The GOP needs a new immigration strategy

Donald Trump has diagnosed a real problem. He's just offering the wrong prescription.

Can the GOP come up with an immigration plan that can compete with Donald Trump's?
(Image credit: Gary Waters/Ikon Images/Corbis)

No matter who wins the GOP's presidential primary, the Trump phenomenon calls for some soul-searching on the right. One obvious place to start is immigration, since everyone agrees anti-immigrant sentiment is a big driver of Trump's success.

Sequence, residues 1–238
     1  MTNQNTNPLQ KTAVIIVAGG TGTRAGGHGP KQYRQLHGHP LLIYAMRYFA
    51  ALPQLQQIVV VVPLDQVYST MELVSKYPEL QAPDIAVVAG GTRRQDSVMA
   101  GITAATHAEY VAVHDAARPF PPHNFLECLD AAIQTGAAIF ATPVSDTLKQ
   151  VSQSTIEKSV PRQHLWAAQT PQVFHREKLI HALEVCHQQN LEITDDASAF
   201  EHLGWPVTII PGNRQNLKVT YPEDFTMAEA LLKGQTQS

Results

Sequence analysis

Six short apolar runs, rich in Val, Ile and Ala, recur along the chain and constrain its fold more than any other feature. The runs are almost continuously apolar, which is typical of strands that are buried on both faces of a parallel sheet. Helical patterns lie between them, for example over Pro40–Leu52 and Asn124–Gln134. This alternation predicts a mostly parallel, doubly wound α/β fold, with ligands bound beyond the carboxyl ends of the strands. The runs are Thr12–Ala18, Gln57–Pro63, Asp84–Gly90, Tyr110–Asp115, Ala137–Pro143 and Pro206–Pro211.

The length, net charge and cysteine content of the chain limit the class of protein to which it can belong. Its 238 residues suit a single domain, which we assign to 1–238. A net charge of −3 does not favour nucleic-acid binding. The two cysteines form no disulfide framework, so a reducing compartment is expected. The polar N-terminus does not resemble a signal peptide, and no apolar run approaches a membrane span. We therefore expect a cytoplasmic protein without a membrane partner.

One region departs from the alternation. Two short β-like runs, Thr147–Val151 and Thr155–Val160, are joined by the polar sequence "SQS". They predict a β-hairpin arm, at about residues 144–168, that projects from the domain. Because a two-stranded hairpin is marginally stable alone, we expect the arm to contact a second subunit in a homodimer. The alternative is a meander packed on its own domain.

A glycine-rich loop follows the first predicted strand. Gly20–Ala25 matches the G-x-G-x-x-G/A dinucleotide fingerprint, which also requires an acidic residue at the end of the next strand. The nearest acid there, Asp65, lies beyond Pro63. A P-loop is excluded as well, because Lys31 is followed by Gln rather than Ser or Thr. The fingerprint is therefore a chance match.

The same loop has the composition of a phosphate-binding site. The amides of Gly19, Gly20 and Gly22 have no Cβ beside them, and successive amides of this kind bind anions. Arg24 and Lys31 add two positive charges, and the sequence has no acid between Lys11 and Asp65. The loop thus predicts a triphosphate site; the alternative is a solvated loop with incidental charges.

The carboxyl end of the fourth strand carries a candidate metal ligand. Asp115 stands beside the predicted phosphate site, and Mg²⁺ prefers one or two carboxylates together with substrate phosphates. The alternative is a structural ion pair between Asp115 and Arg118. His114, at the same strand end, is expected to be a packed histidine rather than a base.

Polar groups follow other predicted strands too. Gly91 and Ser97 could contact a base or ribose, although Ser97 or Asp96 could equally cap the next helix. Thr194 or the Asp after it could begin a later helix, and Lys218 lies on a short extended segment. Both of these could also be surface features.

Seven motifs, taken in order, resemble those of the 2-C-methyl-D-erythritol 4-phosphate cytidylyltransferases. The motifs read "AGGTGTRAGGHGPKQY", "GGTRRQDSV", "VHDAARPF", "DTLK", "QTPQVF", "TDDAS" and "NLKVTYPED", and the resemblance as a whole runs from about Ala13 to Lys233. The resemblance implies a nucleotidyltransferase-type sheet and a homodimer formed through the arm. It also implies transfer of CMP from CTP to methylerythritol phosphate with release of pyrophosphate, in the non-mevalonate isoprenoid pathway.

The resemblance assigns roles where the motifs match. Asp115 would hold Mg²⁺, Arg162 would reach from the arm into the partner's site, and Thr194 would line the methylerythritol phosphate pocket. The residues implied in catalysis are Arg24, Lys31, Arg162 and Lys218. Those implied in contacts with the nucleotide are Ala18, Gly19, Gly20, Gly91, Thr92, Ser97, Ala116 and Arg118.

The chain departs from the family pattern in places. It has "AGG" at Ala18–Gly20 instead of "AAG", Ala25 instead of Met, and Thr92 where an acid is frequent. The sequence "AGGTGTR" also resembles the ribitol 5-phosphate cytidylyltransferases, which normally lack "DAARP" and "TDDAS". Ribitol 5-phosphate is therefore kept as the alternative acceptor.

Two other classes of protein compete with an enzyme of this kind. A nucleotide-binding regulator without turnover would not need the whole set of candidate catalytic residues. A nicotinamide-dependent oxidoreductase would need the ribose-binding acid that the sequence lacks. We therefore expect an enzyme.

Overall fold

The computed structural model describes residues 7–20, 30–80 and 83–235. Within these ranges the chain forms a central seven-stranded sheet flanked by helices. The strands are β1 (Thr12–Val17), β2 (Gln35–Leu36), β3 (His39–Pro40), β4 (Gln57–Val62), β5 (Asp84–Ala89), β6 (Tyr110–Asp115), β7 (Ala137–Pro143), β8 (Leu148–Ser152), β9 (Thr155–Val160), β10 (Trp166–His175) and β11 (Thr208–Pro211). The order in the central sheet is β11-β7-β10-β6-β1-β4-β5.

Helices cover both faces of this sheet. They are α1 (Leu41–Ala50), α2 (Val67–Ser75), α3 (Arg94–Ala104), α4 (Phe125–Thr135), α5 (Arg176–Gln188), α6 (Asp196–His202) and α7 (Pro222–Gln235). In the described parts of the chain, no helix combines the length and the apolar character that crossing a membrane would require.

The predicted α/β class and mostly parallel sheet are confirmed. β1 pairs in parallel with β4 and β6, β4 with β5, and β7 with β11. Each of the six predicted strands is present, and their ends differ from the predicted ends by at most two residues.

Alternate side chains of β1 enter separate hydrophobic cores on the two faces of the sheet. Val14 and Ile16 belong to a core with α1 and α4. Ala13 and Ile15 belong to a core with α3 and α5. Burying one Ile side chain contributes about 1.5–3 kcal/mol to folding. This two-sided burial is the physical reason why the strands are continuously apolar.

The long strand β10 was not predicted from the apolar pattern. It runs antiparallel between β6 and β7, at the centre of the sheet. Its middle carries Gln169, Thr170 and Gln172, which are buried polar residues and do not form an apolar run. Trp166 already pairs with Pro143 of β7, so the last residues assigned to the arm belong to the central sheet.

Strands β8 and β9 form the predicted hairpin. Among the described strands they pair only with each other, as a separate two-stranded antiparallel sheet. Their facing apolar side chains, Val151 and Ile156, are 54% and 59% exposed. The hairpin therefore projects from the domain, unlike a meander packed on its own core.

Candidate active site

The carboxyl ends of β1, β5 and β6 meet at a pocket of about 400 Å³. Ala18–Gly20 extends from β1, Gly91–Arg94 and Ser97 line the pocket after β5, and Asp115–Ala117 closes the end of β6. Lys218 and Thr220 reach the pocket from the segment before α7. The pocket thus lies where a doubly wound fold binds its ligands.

Policy elites, on both sides of the aisle, have ignored the legitimate concerns of the white working class for decades — and the Trump surge may be comeuppance. Some 13 percent of the U.S. population today was born abroad. That's up from less than 5 percent in 1970. But white, working-class voters now form the Republican Party's base. For over 10 years now, a band of intellectuals known as "reform conservatives" have been arguing it's time to pay attention to their concerns. One of the sharpest reform conservatives, and one of the earliest to understand the problem, has been National Review Executive Editor Reihan Salam.

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